The ‘jobs enigma’ of 2012, which has seen fluctuating and overall muted economic growth figures accompanied by strong private sector jobs creation is explained by a mixture of factors, according to the Chartered Institute of Personnel and Development (CIPD)’s annual “Barometer” report on the labour market. The report reviews the last year’s labour market and looks ahead to prospects for 2013 and beyond.
The unpredictability of 2012 makes predictions for 2013 all the more difficult. However, the report concludes that on balance continued growth in employment is likely – although excess workforce capacity built up in firms, as employers have actively sought to hang on to talent and skills they’ll need to compete in the future, could create another paradox with stronger economic growth accompanied by weaker employment growth.
Nonetheless, the report also holds out the prospect of the UK reaching the historic milestone of 30 million in employment before the next election, in advance of the latest forecast of the OBR.
Summarising the report, Mark Beatson, Chief Economist at the CIPD, said: “The ‘jobs enigma’, of strong growth in private sector employment in the absence of sustained economic growth, has been one of the most mystifying economic features of 2012. And if 2012 proved an enigma, the labour market appears equally difficult to pin down for 2013.
“Many explanations have been floated for this enigma. In our view the best explanation is a combination of factors: moderation in labour costs as a result of persistent below-inflation growth in pay; “labour hoarding” which has seen employers holding on to skilled staff more than they have in previous downturns to avoid losing the talent needed for future success; and the growth in the overall supply of labour forcing job seekers to be more efficient and competitive in their search for work, improving the overall efficiency of the labour market. Although the flexibility of the UK labour market is also an important factor, the popular focus on underemployment as a major factor in explaining rising overall employment seems overplayed to us. Official data shows that the growth in the number of people employed has been accompanied by an increase of 2.6% in the total number of hours worked, and the average number of hours worked by both full-time and part-time workers has also increased. While there are undoubtedly significant numbers of people working fewer hours than they would like, and this is an issue that merits further investigation and consideration by policy makers and employers alike, the numbers have not increased significantly this year, making it a poor explanation on its own for the 2012 jobs enigma.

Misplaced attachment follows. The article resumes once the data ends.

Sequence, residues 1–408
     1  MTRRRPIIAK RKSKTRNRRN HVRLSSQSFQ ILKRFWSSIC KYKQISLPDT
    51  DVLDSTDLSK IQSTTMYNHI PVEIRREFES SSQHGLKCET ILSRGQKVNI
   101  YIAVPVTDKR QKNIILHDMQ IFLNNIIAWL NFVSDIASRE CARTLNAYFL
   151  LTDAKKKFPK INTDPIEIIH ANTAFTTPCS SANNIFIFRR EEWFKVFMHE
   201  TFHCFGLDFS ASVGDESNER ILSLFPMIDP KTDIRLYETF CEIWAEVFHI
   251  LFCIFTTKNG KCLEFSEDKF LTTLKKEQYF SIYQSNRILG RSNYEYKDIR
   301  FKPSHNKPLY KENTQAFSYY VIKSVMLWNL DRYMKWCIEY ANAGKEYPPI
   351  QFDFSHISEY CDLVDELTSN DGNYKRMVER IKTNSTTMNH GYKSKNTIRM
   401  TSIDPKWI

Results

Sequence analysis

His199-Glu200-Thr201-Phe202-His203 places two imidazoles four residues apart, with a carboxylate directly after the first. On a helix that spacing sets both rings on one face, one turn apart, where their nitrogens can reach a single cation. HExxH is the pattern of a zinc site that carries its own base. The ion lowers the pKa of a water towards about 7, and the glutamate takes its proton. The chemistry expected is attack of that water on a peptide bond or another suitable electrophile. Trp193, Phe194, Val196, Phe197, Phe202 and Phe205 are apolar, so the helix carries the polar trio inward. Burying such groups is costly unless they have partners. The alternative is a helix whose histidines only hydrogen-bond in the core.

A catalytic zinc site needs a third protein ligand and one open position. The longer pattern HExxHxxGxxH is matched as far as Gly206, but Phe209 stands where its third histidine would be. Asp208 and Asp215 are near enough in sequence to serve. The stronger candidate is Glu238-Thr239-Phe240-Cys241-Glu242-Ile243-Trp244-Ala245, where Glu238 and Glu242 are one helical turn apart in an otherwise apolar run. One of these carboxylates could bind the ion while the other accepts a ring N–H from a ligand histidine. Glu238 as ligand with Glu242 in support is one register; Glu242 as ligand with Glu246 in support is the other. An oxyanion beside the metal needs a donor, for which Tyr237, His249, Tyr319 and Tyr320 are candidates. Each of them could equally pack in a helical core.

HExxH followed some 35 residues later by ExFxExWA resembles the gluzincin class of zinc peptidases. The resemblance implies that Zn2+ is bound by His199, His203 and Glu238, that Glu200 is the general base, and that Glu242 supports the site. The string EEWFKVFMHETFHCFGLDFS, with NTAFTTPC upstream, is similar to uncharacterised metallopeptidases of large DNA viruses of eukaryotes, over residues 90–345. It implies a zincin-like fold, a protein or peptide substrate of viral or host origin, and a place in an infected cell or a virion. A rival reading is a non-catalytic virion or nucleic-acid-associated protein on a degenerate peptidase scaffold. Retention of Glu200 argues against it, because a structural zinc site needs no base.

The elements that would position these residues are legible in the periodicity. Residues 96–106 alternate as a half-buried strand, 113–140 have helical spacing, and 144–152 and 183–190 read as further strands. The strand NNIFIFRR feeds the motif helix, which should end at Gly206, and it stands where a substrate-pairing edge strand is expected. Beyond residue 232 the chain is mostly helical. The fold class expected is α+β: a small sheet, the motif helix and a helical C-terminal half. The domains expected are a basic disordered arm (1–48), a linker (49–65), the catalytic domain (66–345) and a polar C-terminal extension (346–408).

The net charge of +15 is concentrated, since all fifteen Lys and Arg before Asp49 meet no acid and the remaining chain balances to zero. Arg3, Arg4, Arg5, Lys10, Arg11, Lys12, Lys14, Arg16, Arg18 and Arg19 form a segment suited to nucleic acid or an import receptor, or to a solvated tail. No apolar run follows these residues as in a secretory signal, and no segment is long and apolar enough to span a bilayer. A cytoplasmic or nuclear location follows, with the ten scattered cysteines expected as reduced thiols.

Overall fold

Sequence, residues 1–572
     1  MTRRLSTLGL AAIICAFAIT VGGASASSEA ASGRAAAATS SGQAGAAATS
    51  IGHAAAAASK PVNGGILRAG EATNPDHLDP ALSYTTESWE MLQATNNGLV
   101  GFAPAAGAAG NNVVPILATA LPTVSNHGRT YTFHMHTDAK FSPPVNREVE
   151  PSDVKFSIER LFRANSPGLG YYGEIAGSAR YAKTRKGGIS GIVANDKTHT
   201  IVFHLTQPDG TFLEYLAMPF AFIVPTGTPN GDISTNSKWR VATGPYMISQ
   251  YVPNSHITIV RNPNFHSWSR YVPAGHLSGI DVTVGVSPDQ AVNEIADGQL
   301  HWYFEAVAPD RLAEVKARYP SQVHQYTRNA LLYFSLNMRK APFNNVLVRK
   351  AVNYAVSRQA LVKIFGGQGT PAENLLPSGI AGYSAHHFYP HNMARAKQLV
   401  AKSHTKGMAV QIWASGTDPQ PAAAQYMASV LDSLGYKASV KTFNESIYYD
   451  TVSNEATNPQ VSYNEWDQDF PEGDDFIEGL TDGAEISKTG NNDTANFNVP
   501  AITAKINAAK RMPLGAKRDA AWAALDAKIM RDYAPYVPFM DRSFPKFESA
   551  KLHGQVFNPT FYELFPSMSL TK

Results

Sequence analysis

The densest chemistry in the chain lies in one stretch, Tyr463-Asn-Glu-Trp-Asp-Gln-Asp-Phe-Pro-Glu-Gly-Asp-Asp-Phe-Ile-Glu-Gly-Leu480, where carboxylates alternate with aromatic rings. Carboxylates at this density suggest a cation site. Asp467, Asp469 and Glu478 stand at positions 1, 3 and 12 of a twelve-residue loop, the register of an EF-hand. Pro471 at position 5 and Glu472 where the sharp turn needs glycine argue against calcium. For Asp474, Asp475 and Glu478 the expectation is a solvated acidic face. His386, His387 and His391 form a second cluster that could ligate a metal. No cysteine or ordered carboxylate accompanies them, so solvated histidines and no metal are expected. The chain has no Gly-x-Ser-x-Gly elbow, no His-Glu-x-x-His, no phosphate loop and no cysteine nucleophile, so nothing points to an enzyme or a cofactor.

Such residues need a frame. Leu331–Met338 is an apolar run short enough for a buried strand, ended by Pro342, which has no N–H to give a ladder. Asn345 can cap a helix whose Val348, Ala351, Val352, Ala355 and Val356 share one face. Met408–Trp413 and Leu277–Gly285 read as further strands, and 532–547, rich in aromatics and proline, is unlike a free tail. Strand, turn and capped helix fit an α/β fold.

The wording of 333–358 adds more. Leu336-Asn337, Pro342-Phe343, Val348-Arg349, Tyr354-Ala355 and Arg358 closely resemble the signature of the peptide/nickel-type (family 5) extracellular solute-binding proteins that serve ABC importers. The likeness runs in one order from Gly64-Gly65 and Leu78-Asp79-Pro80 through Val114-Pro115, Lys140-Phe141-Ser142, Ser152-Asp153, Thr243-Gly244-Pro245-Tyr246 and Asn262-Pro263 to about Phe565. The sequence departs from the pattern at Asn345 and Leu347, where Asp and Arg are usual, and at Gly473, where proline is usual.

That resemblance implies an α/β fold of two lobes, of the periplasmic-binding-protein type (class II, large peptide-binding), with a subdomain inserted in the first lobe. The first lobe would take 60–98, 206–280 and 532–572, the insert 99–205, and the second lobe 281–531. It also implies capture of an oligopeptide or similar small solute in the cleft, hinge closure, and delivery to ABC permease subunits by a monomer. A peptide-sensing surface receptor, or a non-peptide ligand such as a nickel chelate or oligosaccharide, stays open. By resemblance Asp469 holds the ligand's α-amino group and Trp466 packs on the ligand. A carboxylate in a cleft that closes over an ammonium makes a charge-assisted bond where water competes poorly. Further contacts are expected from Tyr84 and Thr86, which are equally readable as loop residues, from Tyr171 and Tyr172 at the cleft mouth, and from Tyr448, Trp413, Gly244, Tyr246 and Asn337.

“On balance, there are likely to be further increases in employment. Rising employment alongside muted growth indicates that employers have significant reserves of skilled labour capacity on which to call to support growth. That cannot be sustained forever, so knocks to business confidence could force reductions in capacity that employers have seemed keen to avoid to date. Equally, the spare capacity in the economy could mean a return to growth but accompanied by slower employment growth than we saw in 2012 as employers draw on the labour reserves they have built up.
“Whatever happens, it seems certain that the squeeze on employees’ living standards caused by average earnings going up by less than prices will continue into a fourth consecutive year. We also think the OBR may be proved pessimistic in its prediction that it will take until well into 2015 before employment hits the landmark figure of 30 million. Employers are proving adept at maximising the potential of the UK’s flexible market, leading us to conclude that the government may be able to celebrate 30 million employed before the next election.”